RIM sold 9.9 million handsets in the first quarter, with its global share dropping over the last year from 3 percent to 2.4 percent. “RIM desperately needs to deliver winning BB10 products to retain users and stay competitive,” Anshul Gupta, principal research analyst at Gartner, said in a statement. “This will be very challenging, because BB10 lacks strong developer support, and a new BB10 device will only be available in the fourth quarter of 2012.”
Overall, cell phone sales dropped 2 percent during the quarter, the first time Gartner has seen a decline since the second quarter of 2009. The firm attributed the drop to lackluster sales in Asia, where the first quarter normally sees a pickup thanks to Chinese New Year. This year, however, there was “a lack of new product launches from leading manufacturers, and users delayed upgrades in the hope of better smartphone deals arriving later in the year,” Gupta said.
Things were a bit brighter on the smartphone front, where overall sales jumped 44.7 percent year-over-year.
Samsung’s next big release will be the Galaxy S III, which hits Europe later this month and the U.S. this summer. For more, see PCMag’s hands on with the device and the slideshow below. There are rumors, meanwhile, that Apple is prepping a 4-inch iPhone for a late 2012 release.
For more from Chloe, follow her on Twitter @ChloeAlbanesius.
For the top stories in tech, follow us on Twitter at @PCMag.
Article source: http://www.pcmag.com/article2/0,2817,2404497,00.asp
Samsung (005930) Electronics Co. sold more
than 40 percent of all Android mobile phones in the first
quarter as the South Korean manufacturer became the world’s
largest handset maker, research company Gartner Inc. said.
Global handset sales declined 2 percent to 419 million,
dragged down by a drop in low-end handsets, Stamford,
Connecticut-based Gartner said today in a report. Smartphone
sales rose 45 percent, the researcher said.
Samsung, which also makes screens and other hardware used
in smartphones, has profited from its ability to offer devices
running Google Inc. (GOOG) (GOOG)’s Android software at a wide range of
prices. Android is currently installed on 56 percent of new
smartphones, more than twice Apple Inc. (AAPL) (AAPL)’s share. The prospect of
even cheaper Android models led customers in Asia to postpone
purchases, the researchers said.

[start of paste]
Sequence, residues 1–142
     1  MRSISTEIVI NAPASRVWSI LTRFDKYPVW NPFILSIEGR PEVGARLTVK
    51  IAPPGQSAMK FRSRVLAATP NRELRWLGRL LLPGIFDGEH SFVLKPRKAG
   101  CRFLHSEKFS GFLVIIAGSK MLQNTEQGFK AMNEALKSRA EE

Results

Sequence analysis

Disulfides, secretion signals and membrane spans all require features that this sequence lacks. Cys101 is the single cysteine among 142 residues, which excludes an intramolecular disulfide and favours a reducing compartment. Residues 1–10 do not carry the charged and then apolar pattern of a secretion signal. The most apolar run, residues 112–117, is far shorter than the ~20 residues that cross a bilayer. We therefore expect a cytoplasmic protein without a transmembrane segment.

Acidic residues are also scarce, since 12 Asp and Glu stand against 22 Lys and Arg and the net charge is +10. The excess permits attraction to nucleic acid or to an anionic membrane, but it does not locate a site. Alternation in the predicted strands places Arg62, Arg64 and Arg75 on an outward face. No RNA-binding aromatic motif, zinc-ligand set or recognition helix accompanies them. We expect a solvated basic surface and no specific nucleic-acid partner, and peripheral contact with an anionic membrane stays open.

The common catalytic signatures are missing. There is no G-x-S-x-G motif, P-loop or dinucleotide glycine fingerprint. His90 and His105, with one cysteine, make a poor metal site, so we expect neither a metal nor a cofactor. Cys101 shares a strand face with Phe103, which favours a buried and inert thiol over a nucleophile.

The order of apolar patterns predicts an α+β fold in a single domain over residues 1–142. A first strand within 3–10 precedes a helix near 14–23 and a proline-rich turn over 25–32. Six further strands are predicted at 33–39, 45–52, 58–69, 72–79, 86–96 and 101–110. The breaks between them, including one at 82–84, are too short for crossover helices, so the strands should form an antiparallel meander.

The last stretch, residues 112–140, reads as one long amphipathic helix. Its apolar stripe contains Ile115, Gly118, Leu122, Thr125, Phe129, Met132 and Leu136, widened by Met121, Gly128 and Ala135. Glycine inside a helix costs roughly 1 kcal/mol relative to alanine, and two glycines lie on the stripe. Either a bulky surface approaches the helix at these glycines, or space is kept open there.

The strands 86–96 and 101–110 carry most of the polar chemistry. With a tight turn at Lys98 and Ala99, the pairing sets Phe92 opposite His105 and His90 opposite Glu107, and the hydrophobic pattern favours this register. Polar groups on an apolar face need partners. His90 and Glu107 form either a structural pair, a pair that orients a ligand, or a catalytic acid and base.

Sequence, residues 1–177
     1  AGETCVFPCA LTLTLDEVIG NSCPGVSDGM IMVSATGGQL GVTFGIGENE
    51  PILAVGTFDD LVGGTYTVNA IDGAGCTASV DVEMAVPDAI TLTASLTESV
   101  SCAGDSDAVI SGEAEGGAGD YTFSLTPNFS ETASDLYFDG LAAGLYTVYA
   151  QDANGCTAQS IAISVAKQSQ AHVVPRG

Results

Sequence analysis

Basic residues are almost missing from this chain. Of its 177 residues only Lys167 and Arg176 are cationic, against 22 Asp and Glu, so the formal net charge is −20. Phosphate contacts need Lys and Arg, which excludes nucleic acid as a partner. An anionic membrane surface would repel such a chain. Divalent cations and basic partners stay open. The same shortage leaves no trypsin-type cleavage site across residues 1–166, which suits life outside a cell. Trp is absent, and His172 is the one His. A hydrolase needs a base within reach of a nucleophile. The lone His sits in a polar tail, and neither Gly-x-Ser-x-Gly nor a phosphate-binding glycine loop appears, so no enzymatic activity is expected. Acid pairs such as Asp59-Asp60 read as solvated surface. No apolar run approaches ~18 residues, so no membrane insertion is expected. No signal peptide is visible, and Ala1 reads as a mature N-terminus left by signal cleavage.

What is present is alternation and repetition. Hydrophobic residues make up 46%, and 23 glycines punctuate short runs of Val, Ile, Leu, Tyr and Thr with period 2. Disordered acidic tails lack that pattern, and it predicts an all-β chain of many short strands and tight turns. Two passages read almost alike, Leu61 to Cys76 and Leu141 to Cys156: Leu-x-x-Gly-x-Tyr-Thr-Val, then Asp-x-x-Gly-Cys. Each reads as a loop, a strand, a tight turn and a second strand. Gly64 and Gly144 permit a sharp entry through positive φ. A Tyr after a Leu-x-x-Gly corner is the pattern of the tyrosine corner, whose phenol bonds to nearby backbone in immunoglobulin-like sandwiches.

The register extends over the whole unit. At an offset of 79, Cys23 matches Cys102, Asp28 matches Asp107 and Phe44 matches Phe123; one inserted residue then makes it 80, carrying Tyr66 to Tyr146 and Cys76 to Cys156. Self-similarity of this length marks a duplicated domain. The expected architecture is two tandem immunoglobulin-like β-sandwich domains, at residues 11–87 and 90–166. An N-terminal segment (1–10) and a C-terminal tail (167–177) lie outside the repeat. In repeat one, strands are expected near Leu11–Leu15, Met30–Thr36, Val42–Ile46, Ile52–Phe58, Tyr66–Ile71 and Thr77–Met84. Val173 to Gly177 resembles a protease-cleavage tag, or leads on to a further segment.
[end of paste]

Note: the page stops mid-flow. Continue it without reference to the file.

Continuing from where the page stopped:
The market for users of feature phones, or low-end handsets
that can’t run a full range of applications, to upgrade to
similar devices “has declined more significantly than we
expected,” Anshul Gupta, a Mumbai-based analyst at Gartner,
said in an interview. “Consumers are holding onto their
feature-phone devices hoping for better smartphone deals coming
Nokia Oyj (NOK1V), which Samsung overtook as the world’s biggest
handset maker, fell as much as 3.2 percent to 2.20 euros and was
trading down 2.3 percent at 1:25 p.m. in Helsinki. Samsung
extended dropped 6.2 percent, the most in 3 1/2 years, to 1.23
million won at the close in Seoul, before the Gartner report was
The Gartner study measures sales to end users at operators
and retailers. No other vendor besides Samsung has more than a
10 percent share of Android handsets, the researcher said,
adding that the smartphone market has become “highly
Microsoft Corp. (MSFT) (MSFT) software ran on 1.9 percent of handsets
sold in the quarter, compared with 2.6 percent a year earlier.
Nokia Chief Executive Officer Stephen Elop has said his company
and Microsoft are trying to establish the Redmond, Washington-
based software maker’s Windows Phone as a “third ecosystem”
versus Android and Apple systems.
Nokia’s total handset market share declined to 19.8
percent. The Espoo, Finland-based manufacturer remained ahead of
Apple, which accounted for 7.9 percent of the market. The
proportion of smartphones running Symbian, Nokia’s older
operating system, fell to 8.6 percent, or about one-third of its
share a year earlier. Nokia’s total smartphone share, including
Windows Phone and the N9, was 9.2 percent, Gupta said.
“Economic uncertainty has really impacted markets like
western Europe, with smartphone upgrades declining,” Gupta
said. Nokia now has the third-largest share in the region,
behind Samsung and Apple, he said.
The researchers forecast that Windows Phone will be the
second-biggest smartphone system after Android by 2015,
displacing Apple’s iOS, Gupta said, reiterating earlier
Gartner lowered its full-year mobile-phone sales forecast
to 1.9 billion handsets, for growth of approximately 5.5
percent, including sales of 650 million smartphones,
representing a 38 percent jump. The research company earlier
forecast growth of 7 percent overall this year, with a 39
percent gain for smartphones.
To contact the reporter on this story:
Diana ben-Aaron in Helsinki at
To contact the editor responsible for this story:
Kenneth Wong at